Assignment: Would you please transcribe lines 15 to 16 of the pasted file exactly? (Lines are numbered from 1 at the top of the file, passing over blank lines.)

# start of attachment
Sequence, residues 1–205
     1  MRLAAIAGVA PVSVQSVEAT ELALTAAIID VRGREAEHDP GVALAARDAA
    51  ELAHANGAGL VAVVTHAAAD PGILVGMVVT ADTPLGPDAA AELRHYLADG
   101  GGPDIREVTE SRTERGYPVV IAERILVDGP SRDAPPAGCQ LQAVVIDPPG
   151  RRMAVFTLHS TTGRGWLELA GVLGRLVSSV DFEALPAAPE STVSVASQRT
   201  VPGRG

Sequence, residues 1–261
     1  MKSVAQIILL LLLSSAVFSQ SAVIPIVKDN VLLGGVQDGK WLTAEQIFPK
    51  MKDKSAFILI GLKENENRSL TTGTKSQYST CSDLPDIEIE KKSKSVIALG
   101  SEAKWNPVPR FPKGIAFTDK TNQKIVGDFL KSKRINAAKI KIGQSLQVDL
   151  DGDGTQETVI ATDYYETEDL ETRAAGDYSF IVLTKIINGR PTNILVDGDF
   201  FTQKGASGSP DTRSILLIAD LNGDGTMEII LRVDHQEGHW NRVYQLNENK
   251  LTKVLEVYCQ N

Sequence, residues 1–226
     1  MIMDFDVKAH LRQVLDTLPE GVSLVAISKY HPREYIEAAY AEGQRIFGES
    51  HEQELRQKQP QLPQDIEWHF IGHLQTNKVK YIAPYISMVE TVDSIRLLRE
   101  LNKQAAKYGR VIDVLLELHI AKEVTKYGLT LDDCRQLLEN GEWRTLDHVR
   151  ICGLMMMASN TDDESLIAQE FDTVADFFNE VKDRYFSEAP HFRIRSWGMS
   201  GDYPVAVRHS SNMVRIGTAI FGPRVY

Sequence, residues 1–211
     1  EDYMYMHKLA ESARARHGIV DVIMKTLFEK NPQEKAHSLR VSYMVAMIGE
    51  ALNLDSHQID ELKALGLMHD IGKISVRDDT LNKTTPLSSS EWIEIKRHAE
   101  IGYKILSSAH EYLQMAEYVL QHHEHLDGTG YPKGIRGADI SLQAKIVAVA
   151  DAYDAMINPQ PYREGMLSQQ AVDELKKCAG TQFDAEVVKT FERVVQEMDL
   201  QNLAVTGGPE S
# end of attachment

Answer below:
     1  MIMDFDVKAH LRQVLDTLPE GVSLVAISKY HPREYIEAAY AEGQRIFGES
    51  HEQELRQKQP QLPQDIEWHF IGHLQTNKVK YIAPYISMVE TVDSIRLLRE